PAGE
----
Ryanhood,
The TVD First Date

“’I’ll show you which Beatles songs you need to know!’ my Uncle Phil declared, as he started thumbing through his extensive collection of vinyl to make me a cassette mixtape.”

“At thirteen years old, I was just starting to be able to discern John’s voice from Paul’s and George’s, I was just becoming acquainted with how electric and acoustic guitars sounded different, with how the low plunk of that Höfner bass and Ringo’s backbeat rounded out the sound of a rock band. And as my middle school ears listened to The Beatles’ tracks coming from my uncle’s turntable, I started to learn how music worked.

My uncle, my aunt, and my dad had been playing in bands together since before I was born. They all had instruments lying around, they wrote songs, they had vinyl collections with their names written onto the cardboard so they could share records back and forth with confidence that each favorite would eventually make it home. And they all loved The Beatles. But it was my uncle, with his old school hi-fi vinyl setup, who truly initiated me into their musical world.

Phil got all the wires set up, and began dubbing one song at a time directly from the turntable to the cassette deck. You could hear the tell-tale needle drop, the crackle, and those incredible musical colors that lifted themselves up from the grooves. “Dear Prudence” and “I’ve Just Seen a Face” were on there. So were “And Your Bird Can Sing,” “I’m Only Sleeping,” “While My Guitar Gently Weeps” and a few others (many of which Ryanhood has covered over the years).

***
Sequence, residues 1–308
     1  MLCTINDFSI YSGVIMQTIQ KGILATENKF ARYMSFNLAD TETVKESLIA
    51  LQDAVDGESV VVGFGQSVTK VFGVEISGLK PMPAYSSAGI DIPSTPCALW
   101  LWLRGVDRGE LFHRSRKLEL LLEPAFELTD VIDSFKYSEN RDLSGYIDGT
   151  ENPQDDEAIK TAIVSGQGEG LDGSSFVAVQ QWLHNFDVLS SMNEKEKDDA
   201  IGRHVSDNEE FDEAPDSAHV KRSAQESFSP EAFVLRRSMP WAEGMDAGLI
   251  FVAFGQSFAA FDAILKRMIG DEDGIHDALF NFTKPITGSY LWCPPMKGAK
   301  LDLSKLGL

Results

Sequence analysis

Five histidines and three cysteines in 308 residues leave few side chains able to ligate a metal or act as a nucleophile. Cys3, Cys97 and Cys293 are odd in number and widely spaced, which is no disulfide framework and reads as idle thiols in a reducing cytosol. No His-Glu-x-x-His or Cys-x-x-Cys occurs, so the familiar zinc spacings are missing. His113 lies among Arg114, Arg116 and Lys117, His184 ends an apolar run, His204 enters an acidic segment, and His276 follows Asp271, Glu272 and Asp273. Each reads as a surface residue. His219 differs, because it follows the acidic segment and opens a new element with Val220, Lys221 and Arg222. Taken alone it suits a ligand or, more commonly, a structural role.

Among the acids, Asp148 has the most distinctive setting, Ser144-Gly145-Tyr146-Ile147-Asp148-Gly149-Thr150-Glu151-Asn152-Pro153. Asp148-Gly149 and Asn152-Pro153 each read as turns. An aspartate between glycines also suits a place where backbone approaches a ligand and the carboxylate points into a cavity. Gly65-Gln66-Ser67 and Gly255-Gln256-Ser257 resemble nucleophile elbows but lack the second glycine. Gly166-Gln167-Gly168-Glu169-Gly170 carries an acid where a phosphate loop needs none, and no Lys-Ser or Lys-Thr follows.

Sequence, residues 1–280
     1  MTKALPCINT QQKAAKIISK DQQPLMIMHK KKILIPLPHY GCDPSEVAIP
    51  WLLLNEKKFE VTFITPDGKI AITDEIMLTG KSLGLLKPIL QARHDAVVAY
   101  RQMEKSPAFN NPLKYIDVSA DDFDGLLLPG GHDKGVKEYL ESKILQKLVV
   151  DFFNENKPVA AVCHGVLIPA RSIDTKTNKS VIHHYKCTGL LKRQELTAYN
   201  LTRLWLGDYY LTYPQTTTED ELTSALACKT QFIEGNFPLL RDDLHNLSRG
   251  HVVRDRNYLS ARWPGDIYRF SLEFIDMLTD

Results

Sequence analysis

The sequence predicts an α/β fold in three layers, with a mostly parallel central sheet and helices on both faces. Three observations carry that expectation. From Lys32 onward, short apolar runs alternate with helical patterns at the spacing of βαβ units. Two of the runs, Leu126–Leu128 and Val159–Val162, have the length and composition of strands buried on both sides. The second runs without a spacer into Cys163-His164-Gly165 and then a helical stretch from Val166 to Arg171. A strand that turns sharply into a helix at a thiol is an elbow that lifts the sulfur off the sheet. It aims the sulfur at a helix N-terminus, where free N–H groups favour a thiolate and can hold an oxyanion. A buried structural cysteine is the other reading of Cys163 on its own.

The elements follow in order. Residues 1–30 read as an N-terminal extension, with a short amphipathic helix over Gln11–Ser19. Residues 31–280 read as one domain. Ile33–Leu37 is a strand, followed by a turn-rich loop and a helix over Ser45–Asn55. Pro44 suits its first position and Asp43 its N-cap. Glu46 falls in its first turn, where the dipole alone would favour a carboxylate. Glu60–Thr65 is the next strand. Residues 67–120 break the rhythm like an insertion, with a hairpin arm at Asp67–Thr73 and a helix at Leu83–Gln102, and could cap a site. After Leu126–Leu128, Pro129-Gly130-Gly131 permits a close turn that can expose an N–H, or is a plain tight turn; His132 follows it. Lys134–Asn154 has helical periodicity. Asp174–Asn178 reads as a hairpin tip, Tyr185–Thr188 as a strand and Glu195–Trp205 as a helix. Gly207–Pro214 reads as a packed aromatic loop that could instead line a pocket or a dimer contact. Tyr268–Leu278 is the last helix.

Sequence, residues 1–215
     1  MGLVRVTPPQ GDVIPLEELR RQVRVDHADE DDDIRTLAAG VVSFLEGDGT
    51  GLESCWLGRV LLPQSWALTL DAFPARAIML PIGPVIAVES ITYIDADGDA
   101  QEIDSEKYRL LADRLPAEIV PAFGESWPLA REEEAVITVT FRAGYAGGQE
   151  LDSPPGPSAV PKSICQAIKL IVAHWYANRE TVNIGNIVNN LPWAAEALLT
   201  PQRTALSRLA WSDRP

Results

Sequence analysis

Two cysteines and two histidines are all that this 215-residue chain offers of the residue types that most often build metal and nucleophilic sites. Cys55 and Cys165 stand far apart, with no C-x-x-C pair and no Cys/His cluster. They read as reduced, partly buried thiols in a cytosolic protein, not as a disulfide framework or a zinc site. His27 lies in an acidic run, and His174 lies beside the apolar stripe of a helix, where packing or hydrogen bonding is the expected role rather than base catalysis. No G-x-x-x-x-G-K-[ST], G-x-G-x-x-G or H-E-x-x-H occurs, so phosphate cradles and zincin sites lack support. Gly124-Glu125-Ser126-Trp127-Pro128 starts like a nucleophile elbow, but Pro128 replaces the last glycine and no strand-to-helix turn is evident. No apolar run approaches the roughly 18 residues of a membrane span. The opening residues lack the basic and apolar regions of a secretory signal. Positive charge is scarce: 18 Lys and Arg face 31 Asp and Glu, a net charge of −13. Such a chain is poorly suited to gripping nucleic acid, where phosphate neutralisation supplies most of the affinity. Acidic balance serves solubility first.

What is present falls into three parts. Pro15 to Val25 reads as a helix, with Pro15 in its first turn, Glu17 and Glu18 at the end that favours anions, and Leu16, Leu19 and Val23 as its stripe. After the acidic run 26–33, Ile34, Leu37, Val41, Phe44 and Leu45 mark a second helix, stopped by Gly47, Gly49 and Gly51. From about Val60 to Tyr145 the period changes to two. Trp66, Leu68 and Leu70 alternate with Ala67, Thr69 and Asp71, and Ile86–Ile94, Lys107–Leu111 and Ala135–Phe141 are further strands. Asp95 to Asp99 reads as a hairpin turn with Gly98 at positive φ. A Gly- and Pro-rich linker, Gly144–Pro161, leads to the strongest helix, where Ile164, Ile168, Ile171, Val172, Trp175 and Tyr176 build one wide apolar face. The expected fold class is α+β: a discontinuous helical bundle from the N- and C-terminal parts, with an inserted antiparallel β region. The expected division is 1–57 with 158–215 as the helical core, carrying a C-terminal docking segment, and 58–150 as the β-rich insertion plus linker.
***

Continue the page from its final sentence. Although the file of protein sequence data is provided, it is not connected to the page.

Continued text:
And I realize now that the thing those songs all had in common was the groundbreaking guitar-work. My Uncle Phil is a lead guitar player and so The Beatles he wanted me to know were The Beatles who experimented with backwards guitar, wrote descending twin-lead harmonic melodies, or had Eric Clapton dropping in to give true meaning to the phrase, “wailing on the guitar.”

For the next year or two, my dad and I drove around listening and re-listening to that tape-from-vinyl, dissecting the songwriting, making up harmonies, and discussing exactly which clues were most convincing that Paul was indeed “dead.” I routinely found my way back to my aunt and uncle’s vinyl collection as often as I could to look at the album covers, read the credits, and try to understand more about the strange musical world that I felt was calling to me.

So now, 26 years later, when I think of putting out our first Ryanhood vinyl record, Under the Leaves, I can’t help but be grateful to my dad, my aunt—and especially my Uncle Phil—for the songs, the vinyl, the mixtape, and the incredible musical invitation to learn from the best how music works.”
Cameron Hood

Under The Leaves, the new release from Ryanhood arrives in stores on April 16, 2021—on vinyl.

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PHOTO: TAYLOR NOEL

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